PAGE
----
Recipes From the Farm


by Whole Foods Market

  • 4 cups packed finely chopped kale, preferably dinosaur kale
  • 1 large red apple, such as Fuji or Honeycrisp, chopped, divided
  • 3 large stalks celery, thinly sliced
  • 1/2 cup walnuts, toasted and chopped, divided
  • 1/4 cup plus 2 tablespoons raisins, divided
  • 2 tablespoons Dijon mustard
  • 2 tablespoons water, more if needed
  • 1 tablespoon red wine vinegar
  • 1/8 teaspoon sea salt


Place kale in a large bowl. Add half the apple to kale along with celery, 1/4 cup walnuts and 1/4 cup raisins. Put remaining apple in a blender along with remaining 1/4 cup walnuts, remaining 2 tablespoons raisins, mustard, water, vinegar and salt. Purée until well combined and slightly thick, adding water if needed to thin. Pour dressing over kale salad and toss to combine.

BEST EVER DILL PICKLES      Dill-pickles-300x225

by Tamara McPhail

Ingredients/1 Litre Jar

  • • 20 – 30 small – medium sized pickling cucumbers
  • • 1 tablespoon coarse Antarctic pure sea salt
  • • 2 cloves peeled garlic
  • • 1 – 1 1/2 fresh dill flower heads
  • • 1 grape leaf
  • • 1 cup water
  • • 1 cup apple cider vinegar
  • • 1 dried chili pepper, if you like spicy pickles


  • Directions

    For Starters…

    Get all your canning supplies together: canning pot, 1 litre jars, rims, seals and above ingredients.

    Get water boiling. Place clean jars in canning pot to heat and sterilize. In a separate pot, bring brine (1 cup water + 1 cup apple cider vinegar/1 litre jar) to a near boil.

    Use another small pot filled with water to soften the rims in a warm solution. Do not boil.


  • • Take a warm litre jar out of canning post, toss salt, garlic, dill flower, grape leaf and chili if desired into jar.
  • • Quickly and gently fill the jar with cucumbers so they don’t bruise. Use longer cucumbers for the middle and fill in    with smaller ones on the sides.
  • • Once stuffed sufficiently, add brine that’s been simmering as quickly as possible keeping mixture hot.
  • • Wipe rim with clean cloth and place warmed seal on top followed by rim.
  • • Place back in hot water bather and once all jars are in as quickly as possible, process for 15 minutes.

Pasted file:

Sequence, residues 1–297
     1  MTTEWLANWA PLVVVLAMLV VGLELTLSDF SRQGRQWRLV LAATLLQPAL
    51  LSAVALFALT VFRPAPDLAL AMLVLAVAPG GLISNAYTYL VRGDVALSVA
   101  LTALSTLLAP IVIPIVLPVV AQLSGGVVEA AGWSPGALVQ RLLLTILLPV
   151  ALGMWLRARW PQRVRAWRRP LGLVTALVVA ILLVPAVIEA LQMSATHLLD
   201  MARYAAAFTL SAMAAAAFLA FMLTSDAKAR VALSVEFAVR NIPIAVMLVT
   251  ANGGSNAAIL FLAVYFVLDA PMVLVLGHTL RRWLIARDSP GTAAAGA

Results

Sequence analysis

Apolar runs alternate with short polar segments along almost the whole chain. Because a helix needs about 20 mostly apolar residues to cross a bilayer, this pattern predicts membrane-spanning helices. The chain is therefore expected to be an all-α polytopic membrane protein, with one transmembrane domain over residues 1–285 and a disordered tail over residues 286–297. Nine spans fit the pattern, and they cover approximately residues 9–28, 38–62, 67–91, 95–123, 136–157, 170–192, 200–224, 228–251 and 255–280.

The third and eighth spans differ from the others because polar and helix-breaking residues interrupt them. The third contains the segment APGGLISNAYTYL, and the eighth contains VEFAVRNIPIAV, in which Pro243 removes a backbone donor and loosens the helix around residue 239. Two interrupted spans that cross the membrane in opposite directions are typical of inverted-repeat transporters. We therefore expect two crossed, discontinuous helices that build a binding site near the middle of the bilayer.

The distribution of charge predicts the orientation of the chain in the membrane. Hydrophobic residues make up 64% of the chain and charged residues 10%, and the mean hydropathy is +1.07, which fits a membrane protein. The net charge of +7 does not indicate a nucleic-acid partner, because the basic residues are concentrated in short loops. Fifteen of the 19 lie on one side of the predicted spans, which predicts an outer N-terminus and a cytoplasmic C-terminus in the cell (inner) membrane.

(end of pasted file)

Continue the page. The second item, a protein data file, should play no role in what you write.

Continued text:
You can tell which jars are ready by the colour of the pickles—they change from a vibrant, summer green to a duller brown/green. Leave them in too long and they turn out soggy. But, they’ll taste better than any store bought because you made them yourself! It can take a few years of trial and error to perfect your own recipe.



  • 2 cups chopped rhubarb
  • 1 3/4 cup sugar
  • 3 tablespoons soft butter
  • 1 teaspoon baking powder
  • 1/4 teaspoon salt
  • 1/2 cup milk
  • 1/2 teaspoon vanilla extract
  • 1/2 teaspoon almond extract
  • 1 cup sifted flour
  • 1 tablespoon cornstarch
  • 2/3 cup boiling water


    Cover the bottom of an 8 or 9 inch square glass baking dish with fruit.

    Mix 3/4 cup sugar, butter, baking powder, salt, extracts, milk and flour together (add a little more milk if it is too thick to pour); pour over fruit. Mix remaining sugar and cornstarch; sprinkle over mixture in pan. Pour boiling water over the top—sounds strange, but it works to create a pudding around the rhubarb in the bottom of the pan.

    Bake at 375 degrees for 45 minutes. Creates 9 servings.


Serves four

• 8 large Russian kale leaves
• 6 raw button mushrooms
• 3 green onions
• 2 slices baguette
• 1/2 cup freshly grated parmesan cheese
• black pepper
• 1/4 cup extra virgin olive oil
• one lemon
• 3 anchovies
• 2 cloves garlic
• one teaspoon dijon mustard
• 1/2 teaspoon worcestershire sauce

In a large bowl tear kale leaves into bite size pieces. Finely slice the mushrooms on top. Add chopped green onions and grate on top a half cup fresh parmesan cheese. Grind fresh black pepper to taste.

Cube baguette slices into 1/2 inch pieces. Place in a shallow bowl and add one tablespoon olive oil. Stir to coat. Place baguette cubes on a baking pan and cook at 350 degrees for 10 minutes, stirring occasionally to create crispy croutons. Set aside when ready.

In a blender, add remaining olive oil with juice of lemon, anchovies, garlic, dijon mustard and worcestershire sauce. Blend until smooth and creamy. Set aside until ready for salad to be served.

When ready to serve, give salad dressing one quick buzz in the blender. Pour over salad and toss to coat evenly. Add croutons and serve.



Makes 6 cups, recipe can be easily scaled up or down

What You Need

6 large eggs
1 cup sugar
2 cups whole milk
1 cup heavy cream
1/2 to 1 1/2 cup bourbon, rum, cognac, or a mix, optional
Freshly grated nutmeg, to serve

Mixing bowls
Stand mixer or hand mixer
Microplane or nutmeg grater


  1. Separate the eggs: Separate the eggs, placing the yolks in one bowl and the whites in another (I recommend the 3-Bowl Method for this step). Cover the whites and refrigerate until needed (or freeze if aging the eggnog for longer than a day).